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Gophers better because of Whalen's injury

4/3/2004

NORFOLK, Va. -- Minnesota survived nearly six weeks without
Lindsay Whalen.

Although the times were difficult as Whalen sat out with two
broken bones in her shooting hand, coach Pam Borton knows playing
without her star guard helped the Golden Gophers make program
history.

"They said when Lindsay broke her hand that things happen for a
reason," Borton said. "I was waiting 5 1/2 weeks to figure out what
that reason was. Now, I've figured it out, and it's made us a
better team."

Minnesota (25-8) certainly is one of the best in the land these
days, after beating top-seeded Duke 82-75 Tuesday night in the
Mideast Regional final to advance to its first Final Four.

The seventh-seeded Gophers -- who play two-time defending
national champion Connecticut on Sunday -- are the third-highest
seed to advance to a women's Final Four, and Borton said the injury
to Whalen made it all possible.

"We've had some people on this team really step up and produce
big for us on both ends of the floor," Borton said. "I think
Janel McCarville came into herself, Shannon Schonrock became a
better leader and Shannon Bolden and Kadidja Andersson became more
of an offensive threat for us.

"They're still playing the same roles, and now with Lindsay
back in the lineup, it's made us a better team," she said.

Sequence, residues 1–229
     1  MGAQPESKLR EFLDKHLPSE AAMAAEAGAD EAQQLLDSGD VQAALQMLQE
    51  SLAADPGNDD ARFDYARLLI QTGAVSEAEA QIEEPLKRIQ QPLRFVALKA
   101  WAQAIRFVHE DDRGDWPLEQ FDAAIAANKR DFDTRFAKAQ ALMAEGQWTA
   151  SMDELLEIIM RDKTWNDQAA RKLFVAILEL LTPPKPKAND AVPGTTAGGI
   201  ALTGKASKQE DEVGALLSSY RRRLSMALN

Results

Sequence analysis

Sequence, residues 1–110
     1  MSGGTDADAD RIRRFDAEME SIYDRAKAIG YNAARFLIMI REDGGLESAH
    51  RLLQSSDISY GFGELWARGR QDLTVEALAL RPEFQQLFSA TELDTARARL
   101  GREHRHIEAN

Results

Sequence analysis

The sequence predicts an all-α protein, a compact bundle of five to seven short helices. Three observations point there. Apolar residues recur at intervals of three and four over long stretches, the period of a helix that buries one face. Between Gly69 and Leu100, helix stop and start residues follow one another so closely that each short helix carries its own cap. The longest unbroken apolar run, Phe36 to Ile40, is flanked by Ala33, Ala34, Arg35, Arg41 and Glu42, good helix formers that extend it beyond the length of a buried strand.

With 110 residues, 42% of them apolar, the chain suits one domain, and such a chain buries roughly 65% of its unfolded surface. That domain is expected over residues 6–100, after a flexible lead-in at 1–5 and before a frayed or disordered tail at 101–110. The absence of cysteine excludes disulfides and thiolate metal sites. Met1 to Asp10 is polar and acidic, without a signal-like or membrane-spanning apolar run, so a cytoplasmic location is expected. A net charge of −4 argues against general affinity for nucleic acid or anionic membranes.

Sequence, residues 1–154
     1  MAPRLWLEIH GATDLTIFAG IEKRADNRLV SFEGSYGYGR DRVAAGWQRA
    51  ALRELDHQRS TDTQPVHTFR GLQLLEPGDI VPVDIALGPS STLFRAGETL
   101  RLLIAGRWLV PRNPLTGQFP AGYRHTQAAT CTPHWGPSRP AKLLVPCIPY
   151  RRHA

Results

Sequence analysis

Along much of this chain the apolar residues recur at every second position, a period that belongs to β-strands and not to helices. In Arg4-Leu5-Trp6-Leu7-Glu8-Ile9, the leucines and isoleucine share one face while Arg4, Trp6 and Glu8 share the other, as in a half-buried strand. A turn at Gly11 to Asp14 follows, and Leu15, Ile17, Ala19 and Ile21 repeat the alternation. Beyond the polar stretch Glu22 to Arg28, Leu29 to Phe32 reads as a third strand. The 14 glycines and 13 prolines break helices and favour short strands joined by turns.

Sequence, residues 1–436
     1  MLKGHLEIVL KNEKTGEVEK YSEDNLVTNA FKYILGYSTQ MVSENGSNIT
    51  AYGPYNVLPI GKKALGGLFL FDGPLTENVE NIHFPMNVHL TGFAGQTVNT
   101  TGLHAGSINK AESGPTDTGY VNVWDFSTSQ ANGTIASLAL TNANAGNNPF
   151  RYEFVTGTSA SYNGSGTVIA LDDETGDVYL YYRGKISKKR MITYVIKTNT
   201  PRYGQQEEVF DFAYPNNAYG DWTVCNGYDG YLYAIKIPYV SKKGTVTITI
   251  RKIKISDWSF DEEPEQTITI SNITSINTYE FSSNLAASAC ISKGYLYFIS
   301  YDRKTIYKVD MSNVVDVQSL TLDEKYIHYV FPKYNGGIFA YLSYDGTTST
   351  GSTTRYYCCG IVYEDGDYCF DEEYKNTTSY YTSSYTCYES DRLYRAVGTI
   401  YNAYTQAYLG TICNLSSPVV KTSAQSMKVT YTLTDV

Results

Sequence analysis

Minnesota went 3-4 without Whalen but her return has sparked the
Gophers. And they were never better than Tuesday night.

They got huge performances from Whalen and McCarville and key
contributions from most everyone else in ending Duke's bid for a
third straight Final Four berth.

Whalen was the catalyst for a full-throttle offense and finished
with 27 points, while McCarville was a force inside, scoring 20 and
grabbing 18 rebounds.

Even more than numbers, both brought attitude that proved
critical when Duke tried to take over the game.

"Lindsay was the ring leader in the timeouts," Borton said.
"You could just tell she was not going to let her team lose this
game."

After a 10-2 run by Duke made it 44-42 in the second half,
Whalen was sneering on the left wing when she suddenly whipped a
no-look pass to McCarville under the basket, her layup doubling the
margin.

And later, after Duke closed to 57-55 with 8:19 left, Whalen
drove down the lane, spinning away from a defender for an easy
layup, the whirling dervish move drawing "oohs" and "aahs" from
the sellout crowd.

And finally, there was McCarville, with her back to the basket,
dropping a perfect feed to a streaking Whalen behind her for a
layup.

McCarville had a team-high six assists.

But there were many key players.

Bolden, who will guard UConn star Diana Taurasi, held three-time
All-American Alana Beard to 10 points, and scored 10 herself,
including a 3-pointer after Duke tied it at 59.

Andersson scored 17, often filling in for the foul-plagued
McCarville down low and hitting key shots against Duke's taller
defenders. Minnesota will need the same all-around intensity if the
Gophers hope to have a chance against UConn, one of the most
dominant teams in women's college basketball.

"Would we be sitting here if Lindsay didn't break her hand? I
don't know," Borton said. "I don't know if other kids on the team
would've stepped up and proved their roles."

With few expectations from almost everyone because of the way
they ended the season, the Gophers were supposed to be long since
out of the NCAA field.

But as the final seconds ticked off against Duke, they rejoiced,
novices in their fourth NCAA tournament appearance, but loving it
all.

"Coach has always talked about how we have to act like we've
been there before and walk with a lot of class," McCarville said.
"Well, we ain't never been there before. We finally got a chance
to celebrate."